Pope Francis' most important messages from Myanmar and Bangladesh
In the wake of Pope Francis' meticulously planned diplomatic trip to Myanmar and Bangladesh, he sent many messages to political and religious leaders to make an impression on these two majority Buddhist countries.
His messages for political leaders revolved around protecting the Rohingya minority. After Cardinal Charles Maung Bo asked the pope not to say the word “Rohingya” in Myanmar, Pope Francis used it once in a very powerful way in Bangladesh.
“Let's keep doing good for them, helping them. Let's keep mobilizing ourselves so their rights are recognized. Let's keep our hearts open. Let's not look away. The presence of God today is also called 'Rohingya.'”
He put his words into action when he listened to the stories of 16 Rohingya refugees and asked for forgiveness for the indifference they have felt from the world. He also called on the world to assist Bangladesh who has welcomed one million Rohingya fleeing from Myanmar.
"In the name of everyone, of those who have persecuted you, hurt you; above all, for the indifference of the world, I ask for your forgiveness. I'm sorry. It is imperative that the international community take decisive measures to address this grave crisis.”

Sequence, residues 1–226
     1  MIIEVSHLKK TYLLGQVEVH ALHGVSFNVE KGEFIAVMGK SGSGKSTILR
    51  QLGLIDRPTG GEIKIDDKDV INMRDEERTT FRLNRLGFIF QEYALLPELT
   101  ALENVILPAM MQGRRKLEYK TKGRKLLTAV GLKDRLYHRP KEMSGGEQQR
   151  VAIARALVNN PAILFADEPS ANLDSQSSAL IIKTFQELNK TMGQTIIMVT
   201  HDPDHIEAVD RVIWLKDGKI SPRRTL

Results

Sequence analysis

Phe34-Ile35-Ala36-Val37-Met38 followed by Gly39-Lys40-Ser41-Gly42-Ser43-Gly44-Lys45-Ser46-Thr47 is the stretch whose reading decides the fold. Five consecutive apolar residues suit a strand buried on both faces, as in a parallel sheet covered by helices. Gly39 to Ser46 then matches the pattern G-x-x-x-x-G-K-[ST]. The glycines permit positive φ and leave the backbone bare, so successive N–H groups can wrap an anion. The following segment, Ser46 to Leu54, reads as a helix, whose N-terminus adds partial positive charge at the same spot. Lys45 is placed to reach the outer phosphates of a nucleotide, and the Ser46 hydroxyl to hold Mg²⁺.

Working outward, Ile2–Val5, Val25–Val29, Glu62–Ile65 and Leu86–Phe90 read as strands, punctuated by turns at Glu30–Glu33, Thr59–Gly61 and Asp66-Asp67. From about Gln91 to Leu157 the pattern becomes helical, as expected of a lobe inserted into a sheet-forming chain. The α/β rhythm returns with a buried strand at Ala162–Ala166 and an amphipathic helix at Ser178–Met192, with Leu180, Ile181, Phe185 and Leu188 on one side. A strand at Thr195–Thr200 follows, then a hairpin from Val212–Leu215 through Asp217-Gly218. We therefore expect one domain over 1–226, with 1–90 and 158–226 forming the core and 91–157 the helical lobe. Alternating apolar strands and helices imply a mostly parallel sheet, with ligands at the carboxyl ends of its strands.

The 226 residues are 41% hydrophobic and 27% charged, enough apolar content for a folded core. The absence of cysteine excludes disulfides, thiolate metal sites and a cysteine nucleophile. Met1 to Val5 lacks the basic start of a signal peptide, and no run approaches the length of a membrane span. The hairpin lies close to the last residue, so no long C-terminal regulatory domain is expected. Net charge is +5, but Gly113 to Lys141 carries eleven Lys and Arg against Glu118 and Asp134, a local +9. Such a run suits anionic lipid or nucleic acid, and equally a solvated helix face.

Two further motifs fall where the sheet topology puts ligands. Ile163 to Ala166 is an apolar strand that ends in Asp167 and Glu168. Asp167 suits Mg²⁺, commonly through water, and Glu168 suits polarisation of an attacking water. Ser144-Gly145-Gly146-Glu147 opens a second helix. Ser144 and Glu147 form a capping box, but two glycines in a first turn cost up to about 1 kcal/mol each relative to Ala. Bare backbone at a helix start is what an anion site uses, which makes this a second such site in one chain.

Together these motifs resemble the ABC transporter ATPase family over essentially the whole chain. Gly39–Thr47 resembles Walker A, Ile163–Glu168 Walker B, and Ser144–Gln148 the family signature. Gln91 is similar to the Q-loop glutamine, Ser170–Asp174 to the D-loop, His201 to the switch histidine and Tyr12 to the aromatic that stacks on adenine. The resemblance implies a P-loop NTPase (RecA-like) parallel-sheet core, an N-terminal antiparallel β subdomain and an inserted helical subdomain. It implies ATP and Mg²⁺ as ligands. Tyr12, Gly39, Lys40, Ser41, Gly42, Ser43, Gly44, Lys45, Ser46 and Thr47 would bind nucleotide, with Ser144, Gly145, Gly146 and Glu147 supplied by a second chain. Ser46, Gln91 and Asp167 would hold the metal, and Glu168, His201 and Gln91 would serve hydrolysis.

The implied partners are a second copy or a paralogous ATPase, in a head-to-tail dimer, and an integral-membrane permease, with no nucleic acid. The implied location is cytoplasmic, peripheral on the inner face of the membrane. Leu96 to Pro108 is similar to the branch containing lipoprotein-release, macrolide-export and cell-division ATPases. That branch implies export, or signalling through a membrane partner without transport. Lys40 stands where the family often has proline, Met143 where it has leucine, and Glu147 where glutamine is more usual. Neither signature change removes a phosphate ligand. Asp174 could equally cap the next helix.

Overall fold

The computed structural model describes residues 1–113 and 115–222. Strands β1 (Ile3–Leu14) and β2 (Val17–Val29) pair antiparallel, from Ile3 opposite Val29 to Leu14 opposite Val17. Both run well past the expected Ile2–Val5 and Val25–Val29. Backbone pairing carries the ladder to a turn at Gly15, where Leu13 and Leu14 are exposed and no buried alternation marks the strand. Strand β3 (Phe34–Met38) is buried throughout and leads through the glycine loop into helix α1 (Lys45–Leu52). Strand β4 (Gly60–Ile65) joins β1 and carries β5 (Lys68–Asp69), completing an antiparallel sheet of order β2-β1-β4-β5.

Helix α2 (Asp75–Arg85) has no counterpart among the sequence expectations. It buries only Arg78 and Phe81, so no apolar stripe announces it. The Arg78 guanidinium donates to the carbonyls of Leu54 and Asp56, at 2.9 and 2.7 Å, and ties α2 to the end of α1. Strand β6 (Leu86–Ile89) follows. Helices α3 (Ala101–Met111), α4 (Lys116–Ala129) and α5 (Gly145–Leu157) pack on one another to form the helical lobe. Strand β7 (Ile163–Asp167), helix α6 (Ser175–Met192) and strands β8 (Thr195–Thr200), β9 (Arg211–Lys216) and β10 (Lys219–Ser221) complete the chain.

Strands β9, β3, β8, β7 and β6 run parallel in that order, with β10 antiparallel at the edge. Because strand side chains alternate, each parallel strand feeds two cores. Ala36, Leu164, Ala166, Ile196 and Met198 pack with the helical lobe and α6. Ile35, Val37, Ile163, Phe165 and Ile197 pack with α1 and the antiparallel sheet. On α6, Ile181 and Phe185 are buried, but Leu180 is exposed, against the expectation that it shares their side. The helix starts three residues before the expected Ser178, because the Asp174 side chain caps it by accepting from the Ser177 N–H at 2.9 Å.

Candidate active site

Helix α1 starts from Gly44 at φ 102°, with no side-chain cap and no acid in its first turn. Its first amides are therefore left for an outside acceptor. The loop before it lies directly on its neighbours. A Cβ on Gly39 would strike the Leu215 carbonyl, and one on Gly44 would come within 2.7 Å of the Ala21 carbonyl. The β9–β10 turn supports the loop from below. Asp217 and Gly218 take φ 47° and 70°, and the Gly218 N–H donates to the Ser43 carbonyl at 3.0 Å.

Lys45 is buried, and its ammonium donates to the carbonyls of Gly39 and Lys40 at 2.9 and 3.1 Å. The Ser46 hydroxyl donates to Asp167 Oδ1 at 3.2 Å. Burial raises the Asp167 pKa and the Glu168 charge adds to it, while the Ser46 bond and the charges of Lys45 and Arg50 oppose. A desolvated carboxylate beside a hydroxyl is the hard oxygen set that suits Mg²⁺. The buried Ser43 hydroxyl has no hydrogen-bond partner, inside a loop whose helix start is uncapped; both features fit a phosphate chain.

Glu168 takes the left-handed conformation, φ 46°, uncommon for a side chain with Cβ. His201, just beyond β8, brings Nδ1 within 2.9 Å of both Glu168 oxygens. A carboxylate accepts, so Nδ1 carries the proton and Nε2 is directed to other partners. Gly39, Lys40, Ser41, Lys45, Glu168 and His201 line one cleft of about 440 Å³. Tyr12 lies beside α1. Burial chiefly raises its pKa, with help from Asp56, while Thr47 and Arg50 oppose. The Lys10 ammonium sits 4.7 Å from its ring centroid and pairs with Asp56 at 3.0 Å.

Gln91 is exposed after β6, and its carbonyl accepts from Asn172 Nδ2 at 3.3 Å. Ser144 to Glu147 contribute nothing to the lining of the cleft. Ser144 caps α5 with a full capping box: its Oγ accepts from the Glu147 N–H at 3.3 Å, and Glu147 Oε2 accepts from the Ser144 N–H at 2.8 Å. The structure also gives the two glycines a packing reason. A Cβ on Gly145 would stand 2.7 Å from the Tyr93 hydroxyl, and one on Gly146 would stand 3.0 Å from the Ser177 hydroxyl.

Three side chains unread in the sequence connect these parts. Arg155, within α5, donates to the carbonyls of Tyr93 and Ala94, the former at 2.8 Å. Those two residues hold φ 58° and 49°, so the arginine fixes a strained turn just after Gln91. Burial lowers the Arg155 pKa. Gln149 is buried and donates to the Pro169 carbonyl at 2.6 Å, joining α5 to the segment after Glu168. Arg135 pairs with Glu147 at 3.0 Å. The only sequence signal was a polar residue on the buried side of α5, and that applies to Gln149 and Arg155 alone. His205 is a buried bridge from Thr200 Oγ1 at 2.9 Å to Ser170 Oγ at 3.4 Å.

In addition to assisting the Rohingya, his message for the Church involved helping all those who suffer physical and emotional wounds from violence. Myanmar especially understands as they faced oppressive military rule from 1962 to 2011.
"We think that healing can come from anger and revenge. Yet the way of revenge is not the way of Jesus."
He sent a message pleading for unity and dialogue to all religious leaders, despite differences in beliefs. He delivered that message to Sangha, the Supreme Council of Buddhist monks in the country, and also quoted Buddha when addressing them.
"'Overcome the angry with non-anger; overcome the wicked with goodness; overcome the greedy by generosity; overcome the liar by truth.' May that wisdom continue to inspire every effort to foster patience and understanding, and to heal the wounds of conflict that through the years have divided people of different cultures, ethnicities and religious convictions."
However, when the pope was on the flight back to Rome from Dhaka, he shared a secret emotional moment during his non-negotiable visit with the Rohingya during the trip.
“After listening to them one-by-one, with the interpreter speaking their language, I began to feel something inside: 'But I cannot leave them without saying a word,' and I asked for the microphone. I started talking... I do not remember what I said. I know that at a certain point I asked for forgiveness. I believe twice, but I do not remember. But your question was 'what did I feel at that moment...' I was crying. I made sure they couldn't see it. They were crying, too.”
Pope Francis concluded his 21st visit outside of Italy after visiting Myanmar from Nov. 27-30, and then traveling to neighboring Bangladesh from Nov. 30-Dec 2. His messages were powerful, and he made sure to address all religious and political leaders, and include the people throughout each day of his trip.